I earlier wrote about nostalgia based redevelopment, criticizing a recent book about Over-the-Rhine’s brewery history (that ignored other important history). This is a critique of Laure Qunlivan’s Visions of Vine street from the same source as the first excerpt.
The media tends to serve the ends of the representatives of capital in the region. A survey of articles in the Cincinnati Enquirer and Cincinnati Post from the 1990s shows and organizational distrust of both social service and some non-governmental organizations. A Post article from 1994 simply stated “Over-the-Rhine has a new tenant and its name is money,” (Griggs, 1994) establishing what the paper felt was the most important defining element of the previous residents: their poverty. Dutton describes a “systematic refusal” to mention the existence of resistance in the neighborhood:
This is not an ignorance that comes simply from not knowing. It is an active ignorance, an avoidance that is constructed as a systematic erasure of the community in order to make it invisible. For example, in all the ink that has been spilled about Over-the-Rhine, no mention is made of the People’s Movement. It receives no mention in the ULI report. Nor is it mentioned in the 1998 Changing Plans for America’s Inner Cities: Cincinnati’s Over-the-Rhine and Twentieth-Century Urbanism, a book that now circulates as the reference of choice among the city’s elite. The most explicit example of invisibility is expressed in the Cincinnati Enquirer’s three-part, “in-depth” front-page coverage of Over-the-Rhine. [1999:4]
The article set up the binary very clearly: “The beer gardens, concert halls, restaurants and theaters left, along with the Germans, replaced by dives, prostitutes, drug addicts and alcoholics.” No mention of struggle.
As has already been made clear, there are plenty of problems to report, but very little of the negative reports in the corporate press are directed at groups like 3CDC, DCI, the OTR Chamber of Commerce. The relationship has typically worked the other way as well, in 1996, one of the Star of Over-the-Rhine Awards, given by the OTR Chamber of Commerce, was awarded to the Post (this saying nothing of the times it has been award to Police officials, 3CDC and capital firms). It is clear whys this relationship is the way it is, Margaret Buchanan, publisher of the Cincinnati Enquirer sits on the board of 3CDC along with Kenneth Lowe, the president of Scripps, a media conglomerate which owns WCPO, the local ABC affiliate. Thus, the largest print and tv news sources in the city have indelible ties to the largest corporations. And the corporations, through these sources, have dominate say over economic decisions; the media can not claim to be unbiased in this discussion.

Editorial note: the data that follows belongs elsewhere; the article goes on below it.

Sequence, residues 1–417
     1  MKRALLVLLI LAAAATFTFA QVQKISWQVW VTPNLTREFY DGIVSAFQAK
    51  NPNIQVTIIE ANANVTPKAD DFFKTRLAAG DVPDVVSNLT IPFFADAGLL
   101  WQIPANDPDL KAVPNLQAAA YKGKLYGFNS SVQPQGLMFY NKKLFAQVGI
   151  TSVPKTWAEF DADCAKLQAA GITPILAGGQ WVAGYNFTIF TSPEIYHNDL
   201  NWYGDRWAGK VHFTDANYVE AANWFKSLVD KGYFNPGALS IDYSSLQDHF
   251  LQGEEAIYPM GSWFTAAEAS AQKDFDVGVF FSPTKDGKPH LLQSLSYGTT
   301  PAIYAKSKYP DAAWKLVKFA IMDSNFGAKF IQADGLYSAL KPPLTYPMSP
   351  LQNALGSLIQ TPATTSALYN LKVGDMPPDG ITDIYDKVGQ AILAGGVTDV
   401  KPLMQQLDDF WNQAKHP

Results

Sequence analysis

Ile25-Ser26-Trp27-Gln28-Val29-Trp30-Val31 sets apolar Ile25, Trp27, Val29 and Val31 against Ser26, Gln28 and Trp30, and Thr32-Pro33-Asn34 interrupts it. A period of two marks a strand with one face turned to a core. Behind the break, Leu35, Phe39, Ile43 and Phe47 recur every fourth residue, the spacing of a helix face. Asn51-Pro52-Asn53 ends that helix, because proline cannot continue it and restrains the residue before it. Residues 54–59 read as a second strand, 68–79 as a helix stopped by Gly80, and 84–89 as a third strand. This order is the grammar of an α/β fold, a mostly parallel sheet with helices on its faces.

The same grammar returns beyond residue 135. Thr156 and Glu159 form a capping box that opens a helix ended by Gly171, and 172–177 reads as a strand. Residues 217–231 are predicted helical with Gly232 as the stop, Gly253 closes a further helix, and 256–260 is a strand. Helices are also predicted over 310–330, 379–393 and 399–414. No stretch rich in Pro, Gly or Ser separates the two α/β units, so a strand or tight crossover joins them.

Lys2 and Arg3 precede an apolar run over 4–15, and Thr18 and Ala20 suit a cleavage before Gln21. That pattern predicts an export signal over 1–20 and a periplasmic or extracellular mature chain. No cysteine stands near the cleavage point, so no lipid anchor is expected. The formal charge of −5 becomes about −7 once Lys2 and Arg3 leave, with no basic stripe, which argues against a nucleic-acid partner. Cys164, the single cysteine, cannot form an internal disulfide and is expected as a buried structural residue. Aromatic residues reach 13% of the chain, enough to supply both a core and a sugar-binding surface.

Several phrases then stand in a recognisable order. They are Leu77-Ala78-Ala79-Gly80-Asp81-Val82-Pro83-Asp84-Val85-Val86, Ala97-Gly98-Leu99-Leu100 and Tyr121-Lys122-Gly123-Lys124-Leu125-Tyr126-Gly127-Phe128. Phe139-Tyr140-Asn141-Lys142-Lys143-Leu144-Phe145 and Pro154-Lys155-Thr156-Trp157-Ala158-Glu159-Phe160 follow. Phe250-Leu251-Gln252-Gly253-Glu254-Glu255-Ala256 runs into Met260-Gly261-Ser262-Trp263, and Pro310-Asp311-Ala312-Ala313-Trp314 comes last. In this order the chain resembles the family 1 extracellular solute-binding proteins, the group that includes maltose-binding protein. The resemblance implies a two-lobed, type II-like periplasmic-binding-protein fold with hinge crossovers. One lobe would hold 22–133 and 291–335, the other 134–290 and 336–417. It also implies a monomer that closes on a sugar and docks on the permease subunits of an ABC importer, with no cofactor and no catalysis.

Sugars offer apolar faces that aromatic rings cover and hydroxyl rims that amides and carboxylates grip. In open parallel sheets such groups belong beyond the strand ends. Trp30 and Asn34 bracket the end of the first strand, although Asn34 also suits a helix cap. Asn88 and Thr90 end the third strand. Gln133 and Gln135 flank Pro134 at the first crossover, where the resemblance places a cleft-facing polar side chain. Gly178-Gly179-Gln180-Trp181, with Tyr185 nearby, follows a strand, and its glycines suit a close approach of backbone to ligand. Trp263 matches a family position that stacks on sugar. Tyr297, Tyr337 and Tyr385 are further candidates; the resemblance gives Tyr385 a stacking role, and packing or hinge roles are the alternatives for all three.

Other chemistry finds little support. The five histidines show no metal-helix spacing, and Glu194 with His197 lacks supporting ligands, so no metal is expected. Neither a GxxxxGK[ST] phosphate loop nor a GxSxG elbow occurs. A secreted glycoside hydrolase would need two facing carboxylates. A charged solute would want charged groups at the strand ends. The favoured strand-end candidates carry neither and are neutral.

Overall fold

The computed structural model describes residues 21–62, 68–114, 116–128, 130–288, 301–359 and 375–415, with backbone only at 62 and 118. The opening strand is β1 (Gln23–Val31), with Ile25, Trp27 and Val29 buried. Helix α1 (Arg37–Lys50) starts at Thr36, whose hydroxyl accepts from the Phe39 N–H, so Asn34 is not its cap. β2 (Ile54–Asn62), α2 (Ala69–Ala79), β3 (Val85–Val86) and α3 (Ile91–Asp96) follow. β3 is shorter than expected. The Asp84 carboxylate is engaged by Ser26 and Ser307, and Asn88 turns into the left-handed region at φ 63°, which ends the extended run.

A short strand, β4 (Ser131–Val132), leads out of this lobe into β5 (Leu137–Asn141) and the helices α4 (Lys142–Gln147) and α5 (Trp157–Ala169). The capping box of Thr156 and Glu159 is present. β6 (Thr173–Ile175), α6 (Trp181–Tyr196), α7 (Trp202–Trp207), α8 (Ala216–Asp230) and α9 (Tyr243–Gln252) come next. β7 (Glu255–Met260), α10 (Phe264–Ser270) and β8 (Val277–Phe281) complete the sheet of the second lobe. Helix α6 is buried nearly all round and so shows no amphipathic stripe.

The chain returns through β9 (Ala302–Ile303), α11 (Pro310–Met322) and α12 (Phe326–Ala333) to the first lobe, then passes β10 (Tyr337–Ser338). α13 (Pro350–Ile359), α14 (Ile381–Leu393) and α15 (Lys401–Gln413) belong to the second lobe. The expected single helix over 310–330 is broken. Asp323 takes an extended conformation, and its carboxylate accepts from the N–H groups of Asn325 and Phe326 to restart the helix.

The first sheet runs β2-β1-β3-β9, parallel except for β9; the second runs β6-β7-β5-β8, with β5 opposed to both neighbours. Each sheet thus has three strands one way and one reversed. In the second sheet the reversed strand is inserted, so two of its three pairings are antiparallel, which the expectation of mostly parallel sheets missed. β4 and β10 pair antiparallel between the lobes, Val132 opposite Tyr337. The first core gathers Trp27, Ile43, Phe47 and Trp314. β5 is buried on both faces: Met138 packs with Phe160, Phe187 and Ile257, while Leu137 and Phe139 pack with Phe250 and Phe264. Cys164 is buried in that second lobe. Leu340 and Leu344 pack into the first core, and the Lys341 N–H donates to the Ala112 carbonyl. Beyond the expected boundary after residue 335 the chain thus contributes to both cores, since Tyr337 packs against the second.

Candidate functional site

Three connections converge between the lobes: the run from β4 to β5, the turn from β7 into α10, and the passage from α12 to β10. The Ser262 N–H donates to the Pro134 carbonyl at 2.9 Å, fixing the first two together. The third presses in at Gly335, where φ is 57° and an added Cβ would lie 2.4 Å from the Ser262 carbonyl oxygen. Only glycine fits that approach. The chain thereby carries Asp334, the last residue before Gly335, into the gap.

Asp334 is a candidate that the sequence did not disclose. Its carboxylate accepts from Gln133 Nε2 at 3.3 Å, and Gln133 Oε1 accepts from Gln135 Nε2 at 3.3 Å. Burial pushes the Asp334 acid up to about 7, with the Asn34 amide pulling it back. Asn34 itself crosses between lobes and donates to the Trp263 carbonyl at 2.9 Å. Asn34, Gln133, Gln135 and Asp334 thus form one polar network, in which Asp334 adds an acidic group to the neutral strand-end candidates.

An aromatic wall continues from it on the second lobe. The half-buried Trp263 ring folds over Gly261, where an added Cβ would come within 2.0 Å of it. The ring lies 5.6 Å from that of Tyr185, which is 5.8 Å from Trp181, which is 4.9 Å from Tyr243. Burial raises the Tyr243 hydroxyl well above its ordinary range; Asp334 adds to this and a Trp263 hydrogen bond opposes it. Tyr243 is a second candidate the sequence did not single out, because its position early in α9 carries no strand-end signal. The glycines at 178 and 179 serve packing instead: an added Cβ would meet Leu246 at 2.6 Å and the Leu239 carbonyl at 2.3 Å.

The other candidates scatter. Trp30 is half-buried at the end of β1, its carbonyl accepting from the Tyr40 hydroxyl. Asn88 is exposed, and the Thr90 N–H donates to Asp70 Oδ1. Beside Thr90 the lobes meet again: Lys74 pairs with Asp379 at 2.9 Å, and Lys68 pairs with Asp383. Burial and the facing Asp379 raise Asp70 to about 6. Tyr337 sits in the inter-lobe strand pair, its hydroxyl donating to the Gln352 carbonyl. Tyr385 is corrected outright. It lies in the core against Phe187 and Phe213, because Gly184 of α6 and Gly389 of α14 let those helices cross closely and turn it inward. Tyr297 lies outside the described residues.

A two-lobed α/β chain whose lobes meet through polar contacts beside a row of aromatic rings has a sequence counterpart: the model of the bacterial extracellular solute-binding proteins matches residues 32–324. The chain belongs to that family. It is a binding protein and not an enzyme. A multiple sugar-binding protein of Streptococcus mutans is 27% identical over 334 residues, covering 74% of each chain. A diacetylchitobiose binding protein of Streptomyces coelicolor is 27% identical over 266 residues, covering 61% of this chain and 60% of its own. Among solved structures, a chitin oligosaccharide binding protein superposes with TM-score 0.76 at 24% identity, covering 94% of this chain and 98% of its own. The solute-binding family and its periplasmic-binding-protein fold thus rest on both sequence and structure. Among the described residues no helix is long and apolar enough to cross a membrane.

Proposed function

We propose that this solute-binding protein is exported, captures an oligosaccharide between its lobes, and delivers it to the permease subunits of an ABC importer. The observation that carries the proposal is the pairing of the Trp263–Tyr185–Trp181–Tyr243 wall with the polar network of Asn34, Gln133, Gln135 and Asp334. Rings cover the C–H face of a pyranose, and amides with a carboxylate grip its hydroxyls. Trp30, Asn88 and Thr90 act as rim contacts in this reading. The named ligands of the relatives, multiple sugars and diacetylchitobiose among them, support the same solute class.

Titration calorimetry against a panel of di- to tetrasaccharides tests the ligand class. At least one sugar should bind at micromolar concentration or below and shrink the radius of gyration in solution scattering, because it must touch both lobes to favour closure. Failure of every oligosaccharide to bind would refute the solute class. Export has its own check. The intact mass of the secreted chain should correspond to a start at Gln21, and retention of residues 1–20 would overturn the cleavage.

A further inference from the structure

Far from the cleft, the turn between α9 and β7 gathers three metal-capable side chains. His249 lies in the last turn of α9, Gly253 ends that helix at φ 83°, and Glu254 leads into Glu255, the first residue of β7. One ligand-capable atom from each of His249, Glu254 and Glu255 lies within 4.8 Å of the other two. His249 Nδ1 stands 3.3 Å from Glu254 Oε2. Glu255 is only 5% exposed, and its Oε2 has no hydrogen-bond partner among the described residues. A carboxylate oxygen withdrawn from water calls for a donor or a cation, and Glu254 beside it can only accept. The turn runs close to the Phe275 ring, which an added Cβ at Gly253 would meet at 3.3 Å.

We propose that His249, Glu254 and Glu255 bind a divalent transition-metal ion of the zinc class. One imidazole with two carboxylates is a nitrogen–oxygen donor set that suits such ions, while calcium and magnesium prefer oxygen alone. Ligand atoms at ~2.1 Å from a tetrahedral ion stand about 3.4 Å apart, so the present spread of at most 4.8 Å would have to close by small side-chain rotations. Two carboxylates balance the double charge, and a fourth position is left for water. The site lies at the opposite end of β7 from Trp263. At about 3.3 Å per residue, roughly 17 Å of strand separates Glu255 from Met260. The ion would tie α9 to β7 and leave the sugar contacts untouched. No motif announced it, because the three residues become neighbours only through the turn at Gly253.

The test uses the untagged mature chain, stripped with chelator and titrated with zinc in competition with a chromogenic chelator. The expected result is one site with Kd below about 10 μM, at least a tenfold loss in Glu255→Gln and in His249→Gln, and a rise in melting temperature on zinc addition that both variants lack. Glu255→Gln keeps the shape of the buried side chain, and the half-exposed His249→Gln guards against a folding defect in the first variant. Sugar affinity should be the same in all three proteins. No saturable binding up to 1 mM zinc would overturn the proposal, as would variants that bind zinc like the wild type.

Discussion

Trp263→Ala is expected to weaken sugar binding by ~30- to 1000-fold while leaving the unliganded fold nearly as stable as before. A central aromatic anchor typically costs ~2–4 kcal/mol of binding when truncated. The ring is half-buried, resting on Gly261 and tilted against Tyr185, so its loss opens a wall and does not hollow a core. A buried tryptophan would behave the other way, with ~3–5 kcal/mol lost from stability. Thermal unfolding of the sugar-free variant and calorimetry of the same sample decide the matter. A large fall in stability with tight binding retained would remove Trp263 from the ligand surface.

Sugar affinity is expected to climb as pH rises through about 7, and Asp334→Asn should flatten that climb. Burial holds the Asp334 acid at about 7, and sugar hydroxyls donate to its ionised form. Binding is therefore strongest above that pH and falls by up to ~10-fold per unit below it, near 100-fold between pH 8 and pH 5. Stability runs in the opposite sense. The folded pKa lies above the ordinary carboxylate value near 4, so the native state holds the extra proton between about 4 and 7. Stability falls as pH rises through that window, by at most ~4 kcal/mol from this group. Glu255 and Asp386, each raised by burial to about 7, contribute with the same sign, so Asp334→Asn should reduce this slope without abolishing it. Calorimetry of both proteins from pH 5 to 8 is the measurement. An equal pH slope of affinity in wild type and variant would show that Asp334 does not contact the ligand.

After the uprising, WCPO aired Visions of Vine Street a documentary about OTR’s redevelopment. The I-Team, the hard hitting investigative journalism department at the station tracked the history of Vine Street, with Laure Quinlivan, now a city council member, as a guide, and Jim Tarbell as the brain trust on all things OTR. The documentary, though presented as a legitimate investigative report, shed any interest it might have had in actual investigation. Quinlivan spoke of the need for the neighborhood to become something different, conveying that OTR is better than riots, or if it is not, it was time to transform it into something that is. “The riots were a wakeup call to improve the neighborhood where all of this happened: Over-the-Rhine, the heart of our city” (2001). It presented the redevelopment in a way similar to this paper, drawing ideological lines, but in both the rhetoric and more latent semiotics of the report the ideological affiliation is firmly with the platform of the gentry, though Quinlivan might be the last to admit it.